By default, LaTeX produces professional-looking documents. Specifying an extra couple of packages, however, can make your document look even better. Here are four packages I recommend that require no effort, by which I mean you simply add the package to your preamble (and maybe specify a few options) and you’re good to go.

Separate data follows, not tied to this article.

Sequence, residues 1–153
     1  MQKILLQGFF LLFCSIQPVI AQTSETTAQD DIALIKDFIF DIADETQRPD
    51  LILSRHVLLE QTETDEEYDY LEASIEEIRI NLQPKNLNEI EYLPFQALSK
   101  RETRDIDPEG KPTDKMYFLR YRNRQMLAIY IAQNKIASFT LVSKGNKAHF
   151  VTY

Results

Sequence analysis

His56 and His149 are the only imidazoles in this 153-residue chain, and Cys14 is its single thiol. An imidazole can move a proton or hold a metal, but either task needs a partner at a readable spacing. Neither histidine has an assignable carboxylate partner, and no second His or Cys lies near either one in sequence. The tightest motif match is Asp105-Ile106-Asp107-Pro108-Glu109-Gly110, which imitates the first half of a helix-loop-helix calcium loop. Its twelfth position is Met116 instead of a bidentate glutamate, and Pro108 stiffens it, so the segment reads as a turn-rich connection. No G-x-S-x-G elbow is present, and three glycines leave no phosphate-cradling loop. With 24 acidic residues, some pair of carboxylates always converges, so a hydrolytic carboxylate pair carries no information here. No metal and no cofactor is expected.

Before leaving high school, every scientist should have learned all the things a graph should contain: a descriptive title, labels for every axis, appropriately spaced tick marks, and a legend if necessary. All pretty straightforward, so you would think any figure published in a scientific journal would adhere to this as a minimum. But I’ve come across far too many figures breaking one or more of these rules. The problem is not that people are excluding the information, rather they are putting everything in the figure caption. Consequently, the figure caption ends up being long-winded, procedural, and not at all interesting. Fortunately, it is easy to make the caption succinct and descriptive with a few quick adjustments to the figure.